Allen J. Bard

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Allen J. Bard
KSA 2068 (13112572023).jpg
Allen J. Bard in 2014.
Born (1933-12-18) December 18, 1933 (age 89)
New York City
Nationality American
Fields Chemistry
Institutions University of Texas at Austin
Alma mater City College of New York
Harvard University
Notable awards Linus Pauling Award (1998)
Priestley Medal (2002)
Wolf Prize (2008)
National Medal of Science (2011)
Enrico Fermi Award (2013)

Allen Joseph Bard (born December 18, 1933) is an American chemist. He is the Hackerman-Welch Regents Chair Profestry and director of the Center for Electrochemistry at the University of Texas at Austin.[1] Bard is considered a “father of modern electrochemistry"[citation needed] for his innovative work developing the scanning electrochemical microscope, his co-discovery of electrochemiluminescence, his key contributions to photoelectrochemistry of semiconductor electrodes, and co-authoring a seminal textbook.[2]

Early Life and Education

Allen J. Bard was born in New York City on December 18, 1933. He attended the Bronx High School of Science and graduated from the City College of New York in 1955. He then attended Harvard University, where he earned a Masters (1956) and a PhD (1958).


In 1958 Bard began working at the University of Texas at Austin and has continued there for his entire career. However, he took a sabbatical in 1973 and worked in the lab of Jean-Michel Savéant. He also spent a semester at the California Institute of Technology as a Sherman Mills Fairchild Scholar. He lectured at Cornell University for the spring term in 1987 as a Baker Lecturer. In 1988 he served as the Robert Burns Woodward visiting professor at Harvard University.

Bard has published more than 800 peer-reviewed research papers, 75 publications, and has more than 23 patents. He has written three books: Chemical Equilibrium; Electrochemical Methods - Fundamentals and Applications, and Integrated Chemical Systems: A Chemical Approach to Nanotechnology.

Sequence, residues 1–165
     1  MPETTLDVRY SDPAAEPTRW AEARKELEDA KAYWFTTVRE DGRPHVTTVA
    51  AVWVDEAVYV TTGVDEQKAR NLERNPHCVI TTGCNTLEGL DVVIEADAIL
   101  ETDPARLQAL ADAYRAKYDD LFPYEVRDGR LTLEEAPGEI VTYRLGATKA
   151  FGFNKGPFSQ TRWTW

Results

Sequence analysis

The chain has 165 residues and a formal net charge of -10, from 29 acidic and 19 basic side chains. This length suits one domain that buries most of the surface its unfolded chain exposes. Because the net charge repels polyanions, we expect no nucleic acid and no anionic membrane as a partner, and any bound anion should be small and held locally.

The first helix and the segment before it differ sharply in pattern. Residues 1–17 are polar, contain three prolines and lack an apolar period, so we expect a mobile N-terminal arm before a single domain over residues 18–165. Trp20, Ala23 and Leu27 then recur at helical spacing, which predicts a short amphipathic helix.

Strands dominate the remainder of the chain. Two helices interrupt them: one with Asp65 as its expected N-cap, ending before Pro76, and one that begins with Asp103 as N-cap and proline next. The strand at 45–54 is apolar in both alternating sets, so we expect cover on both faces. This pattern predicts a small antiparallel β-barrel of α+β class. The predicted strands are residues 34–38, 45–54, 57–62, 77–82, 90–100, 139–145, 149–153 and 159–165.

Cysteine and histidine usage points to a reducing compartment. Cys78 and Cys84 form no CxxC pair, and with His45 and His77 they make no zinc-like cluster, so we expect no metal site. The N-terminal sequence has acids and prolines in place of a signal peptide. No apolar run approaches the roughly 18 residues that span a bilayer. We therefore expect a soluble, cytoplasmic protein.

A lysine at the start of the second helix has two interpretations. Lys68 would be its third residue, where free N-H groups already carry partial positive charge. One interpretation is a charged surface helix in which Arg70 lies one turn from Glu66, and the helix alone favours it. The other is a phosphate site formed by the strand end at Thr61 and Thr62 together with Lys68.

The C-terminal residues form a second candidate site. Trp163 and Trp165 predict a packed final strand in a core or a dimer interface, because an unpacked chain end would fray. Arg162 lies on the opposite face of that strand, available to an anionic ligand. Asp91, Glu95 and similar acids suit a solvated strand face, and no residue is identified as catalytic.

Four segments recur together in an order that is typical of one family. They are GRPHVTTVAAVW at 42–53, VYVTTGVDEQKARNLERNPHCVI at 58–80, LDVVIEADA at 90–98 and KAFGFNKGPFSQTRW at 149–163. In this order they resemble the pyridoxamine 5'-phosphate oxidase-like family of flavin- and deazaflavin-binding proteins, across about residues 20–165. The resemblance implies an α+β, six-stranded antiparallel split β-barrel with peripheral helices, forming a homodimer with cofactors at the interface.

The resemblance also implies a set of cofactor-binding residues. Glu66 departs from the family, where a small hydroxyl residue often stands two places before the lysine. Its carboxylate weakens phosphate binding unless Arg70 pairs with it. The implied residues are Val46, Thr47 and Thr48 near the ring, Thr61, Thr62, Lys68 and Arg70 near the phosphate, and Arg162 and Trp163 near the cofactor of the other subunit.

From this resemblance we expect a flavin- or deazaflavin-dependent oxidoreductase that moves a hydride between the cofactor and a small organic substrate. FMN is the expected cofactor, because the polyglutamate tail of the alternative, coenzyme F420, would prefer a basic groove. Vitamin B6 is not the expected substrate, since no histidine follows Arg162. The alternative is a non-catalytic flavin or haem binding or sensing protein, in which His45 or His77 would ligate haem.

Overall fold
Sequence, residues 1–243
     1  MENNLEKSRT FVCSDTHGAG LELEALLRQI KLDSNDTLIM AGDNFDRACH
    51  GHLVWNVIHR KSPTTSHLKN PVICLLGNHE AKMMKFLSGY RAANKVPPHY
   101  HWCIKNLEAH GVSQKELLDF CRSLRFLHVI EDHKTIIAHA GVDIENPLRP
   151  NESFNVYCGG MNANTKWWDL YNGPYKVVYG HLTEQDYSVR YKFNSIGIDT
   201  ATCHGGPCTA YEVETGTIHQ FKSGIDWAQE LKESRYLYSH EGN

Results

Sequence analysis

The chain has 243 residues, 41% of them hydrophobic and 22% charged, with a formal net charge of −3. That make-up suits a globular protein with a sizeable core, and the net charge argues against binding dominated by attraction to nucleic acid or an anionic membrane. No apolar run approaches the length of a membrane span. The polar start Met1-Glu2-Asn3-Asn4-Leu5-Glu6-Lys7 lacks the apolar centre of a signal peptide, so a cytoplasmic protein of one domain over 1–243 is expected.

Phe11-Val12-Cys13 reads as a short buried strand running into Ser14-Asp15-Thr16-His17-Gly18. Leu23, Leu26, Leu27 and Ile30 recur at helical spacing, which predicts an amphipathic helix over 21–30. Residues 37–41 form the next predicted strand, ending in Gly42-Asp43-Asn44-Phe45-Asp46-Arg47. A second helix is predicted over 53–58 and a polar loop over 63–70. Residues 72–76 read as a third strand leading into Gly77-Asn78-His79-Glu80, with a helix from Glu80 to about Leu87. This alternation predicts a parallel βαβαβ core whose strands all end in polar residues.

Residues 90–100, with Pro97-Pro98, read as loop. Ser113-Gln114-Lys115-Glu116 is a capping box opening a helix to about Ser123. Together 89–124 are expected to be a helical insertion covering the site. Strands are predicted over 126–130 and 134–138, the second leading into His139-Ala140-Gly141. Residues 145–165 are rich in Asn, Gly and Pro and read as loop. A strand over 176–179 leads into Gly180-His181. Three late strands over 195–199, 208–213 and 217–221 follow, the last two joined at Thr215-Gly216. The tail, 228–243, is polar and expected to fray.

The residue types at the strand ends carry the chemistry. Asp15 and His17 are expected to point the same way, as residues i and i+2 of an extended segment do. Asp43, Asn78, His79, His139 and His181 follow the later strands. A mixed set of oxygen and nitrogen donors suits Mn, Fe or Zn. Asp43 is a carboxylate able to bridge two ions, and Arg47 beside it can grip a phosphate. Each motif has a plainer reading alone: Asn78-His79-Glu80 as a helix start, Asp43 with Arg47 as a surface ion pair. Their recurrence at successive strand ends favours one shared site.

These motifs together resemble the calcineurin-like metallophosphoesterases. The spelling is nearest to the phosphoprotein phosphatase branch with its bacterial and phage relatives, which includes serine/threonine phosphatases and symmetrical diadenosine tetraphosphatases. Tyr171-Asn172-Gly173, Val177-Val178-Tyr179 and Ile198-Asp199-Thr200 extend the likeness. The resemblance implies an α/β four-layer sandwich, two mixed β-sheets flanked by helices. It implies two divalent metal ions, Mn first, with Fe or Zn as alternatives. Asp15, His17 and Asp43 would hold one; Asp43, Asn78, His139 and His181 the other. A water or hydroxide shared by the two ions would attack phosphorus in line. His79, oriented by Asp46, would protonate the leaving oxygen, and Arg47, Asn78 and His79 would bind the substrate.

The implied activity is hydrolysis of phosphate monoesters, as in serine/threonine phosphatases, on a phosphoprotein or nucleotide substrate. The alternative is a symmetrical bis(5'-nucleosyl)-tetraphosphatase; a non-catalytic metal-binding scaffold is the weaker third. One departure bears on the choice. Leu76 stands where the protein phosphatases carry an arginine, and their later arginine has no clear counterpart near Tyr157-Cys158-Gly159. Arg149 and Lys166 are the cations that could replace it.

The title, "Electrochemical Methods - Fundamentals and Applications," is the defining text on electrochemistry in English, and generally referred to as just "Bard."

The Center for Electrochemistry was founded in 2006 in order to create a cooperative and collaborative group between the different types of concentrations in electrochemistry. Bard and his group were one of the original researchers to take advantage of electrochemistry to create light. The creation of light produced a sensitive method of analysis that can now be applied to a wide variety of biological and medical uses, including determining if an individual has an HIV and analyzing DNA. The Bard group also “applies electrochemical methods to the study of chemical problems, conducting investigations in electro-organic chemistry, photoelectrochemistry, electrogenerated chemiluminescence, and electroanalytical chemistry.”


Bard is married to Fran Bard, with two children, Ed and Sara, and four grandchildren, Alex, Marlee, Rachel, and Dylan.


Among Bard's awards are the Priestley Medal in 2002[3] and the 2008 Wolf Prize in Chemistry.[4] He was elected a Fellow of the American Academy of Arts and Sciences in 1990.[5] Bard was elected to National Academy of Sciences in 1982.

On February 1, 2013 President Barack Obama presented Allen Bard and John Goodenough with National Medals of Science, one of the highest honors a scientist can hope to receive from the United States government. The medal honors people who have made incredible contributions to either science or engineering. “I am proud to honor these inspiring American innovators,” Obama said. “They represent the ingenuity and imagination that has long made this nation great — and they remind us of the enormous impact a few good ideas can have when these creative qualities are unleashed in an entrepreneurial environment (The University of Texas at Austin Know).”

On January 13, 2014, Dr. Allen Bard was awarded the Enrico Fermi Award along with Dr. Andrew Sessler.[6]

The Electrochemical Society established the Allen J. Bard Award in 2013 to recognized distinguished contributes to electrochemical science.[7]


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